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Blues Traveler
by Mark Harden
Denver Post, Denver, CO
Jul 5th, 1998



July 5 - MORRISON - Memo to the many people who left Friday's Blues Traveler concert early: It's still going on.

Well, not quite. But it was well after the stroke of 12 - and after 38 bajillion John Popper harmonica solos, by unofficial count - that Popper and the boys finally called a halt to the first of their two annual Independence Day weekend shows at Red Rocks. At that was after two longer-than-usual opening sets by Agents of Good Roots and Gov't Mule.

Some 6 1/2 hours from start to stop - that's good value at a non-festival concert these days.

It was also, by and large, good music, of the summertime, stretch-out-and-jam variety.

Clearly, Blues Traveler loves Red Rocks - "This is without a doubt my favorite place to play," Popper said as the band came back from an intermission - and its usually receptive crowds. This year, the New Yorkers said thank you for years of warm welcomes by performing several freshly penned tunes, "never played anywhere on earth," Popper said.

Happily, the new music showed the band continuing the trend of its last two albums toward concise, well-crafted songs.

And - hold on to your hats, Popper fans - not one of the new tunes featured harmonica. (Popper has advised subscribers to the band's newsletter that he plans to cut back on the harp on Blues Traveler's next album.)

There was the pleasant, poppy "The Light In Her Eyes". There was "Decision of the Skies", a snaky, mid-tempo rocker that reminded me of the Beatles' "Dear Prudence". And there was a funk-scat workout with a working title not suited for a family newspaper.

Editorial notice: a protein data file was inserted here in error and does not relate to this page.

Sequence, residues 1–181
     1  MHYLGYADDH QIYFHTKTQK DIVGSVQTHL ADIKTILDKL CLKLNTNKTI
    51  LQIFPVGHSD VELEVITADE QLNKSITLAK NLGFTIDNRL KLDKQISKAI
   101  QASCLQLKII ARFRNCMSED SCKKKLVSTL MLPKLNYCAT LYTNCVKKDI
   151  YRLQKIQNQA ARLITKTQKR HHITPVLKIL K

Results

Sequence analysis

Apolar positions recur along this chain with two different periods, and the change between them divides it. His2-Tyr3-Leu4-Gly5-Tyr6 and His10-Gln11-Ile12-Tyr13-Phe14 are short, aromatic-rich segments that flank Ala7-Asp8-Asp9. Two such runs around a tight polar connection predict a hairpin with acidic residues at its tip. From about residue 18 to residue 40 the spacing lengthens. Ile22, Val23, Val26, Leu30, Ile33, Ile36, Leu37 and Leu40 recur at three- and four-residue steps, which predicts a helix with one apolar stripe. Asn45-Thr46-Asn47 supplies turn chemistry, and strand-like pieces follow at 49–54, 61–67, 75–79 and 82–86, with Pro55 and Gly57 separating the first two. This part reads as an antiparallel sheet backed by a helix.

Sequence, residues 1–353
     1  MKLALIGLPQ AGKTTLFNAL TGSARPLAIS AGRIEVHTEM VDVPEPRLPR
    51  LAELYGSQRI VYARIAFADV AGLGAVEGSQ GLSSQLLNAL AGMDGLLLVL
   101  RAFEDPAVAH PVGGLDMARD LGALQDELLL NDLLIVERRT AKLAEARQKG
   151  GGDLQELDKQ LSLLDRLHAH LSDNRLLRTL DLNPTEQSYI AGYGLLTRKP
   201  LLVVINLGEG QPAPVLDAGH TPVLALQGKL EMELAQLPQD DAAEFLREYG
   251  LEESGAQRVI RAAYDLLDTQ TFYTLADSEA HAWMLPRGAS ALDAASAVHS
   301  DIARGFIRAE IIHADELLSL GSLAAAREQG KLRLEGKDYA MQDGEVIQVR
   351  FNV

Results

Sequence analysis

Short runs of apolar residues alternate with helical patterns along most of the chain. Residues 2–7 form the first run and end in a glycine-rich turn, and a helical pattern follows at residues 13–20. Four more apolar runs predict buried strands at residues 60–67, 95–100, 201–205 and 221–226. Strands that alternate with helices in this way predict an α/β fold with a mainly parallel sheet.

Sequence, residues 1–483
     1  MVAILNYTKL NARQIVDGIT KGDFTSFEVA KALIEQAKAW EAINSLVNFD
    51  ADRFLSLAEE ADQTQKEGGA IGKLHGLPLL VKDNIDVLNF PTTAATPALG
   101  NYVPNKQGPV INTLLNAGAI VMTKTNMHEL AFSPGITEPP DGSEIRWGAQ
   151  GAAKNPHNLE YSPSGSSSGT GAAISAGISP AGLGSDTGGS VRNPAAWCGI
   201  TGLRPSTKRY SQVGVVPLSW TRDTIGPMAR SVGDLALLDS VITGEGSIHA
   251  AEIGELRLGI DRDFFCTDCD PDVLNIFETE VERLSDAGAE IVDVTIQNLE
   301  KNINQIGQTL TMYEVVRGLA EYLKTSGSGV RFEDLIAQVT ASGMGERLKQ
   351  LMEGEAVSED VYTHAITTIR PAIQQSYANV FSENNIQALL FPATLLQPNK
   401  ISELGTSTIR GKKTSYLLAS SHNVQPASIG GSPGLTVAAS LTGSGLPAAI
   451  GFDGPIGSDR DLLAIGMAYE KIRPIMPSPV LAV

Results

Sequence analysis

With all the new material, even a three-hour-10-minute double-set (not counting intermission) didn't leave enough room for some of Blues Traveler's biggest hits, like "Run-Around" and "Most Precarious". (They did, however, include their frenetic show-stopper "But Anyway", augmented by a tasty Bobby Sheehan bass solo.)

Instead, they set aside lots of room for the trademark jams that most of their fans love - and this time, Popper didn't spare the harp-power.

The new songs, and Popper's decision to lay off the harmonica, show a group looking for ways to get tighter and brighter. Let's hope all those other jam bands out there follow Blues Traveler's lead.

The Richmond, Va., group Agents of Good Roots opened the show with 40 minutes of appealing sax-driven jazz-rock, highlighted by their sultry radio hit "Smiling Up the Frown".

And Gov't Mule, a swampy power trio featuring inventive ex-Allman Brother Warren Haynes on guitar, entertained for 65 minutes, offering its new single, a slow, sludgy version of the Beatles' "She Said, She Said".

Haynes later jammed with Blues Traveler, trading licks with Popper and guitarist Chan Kinchla, as midnight tolled.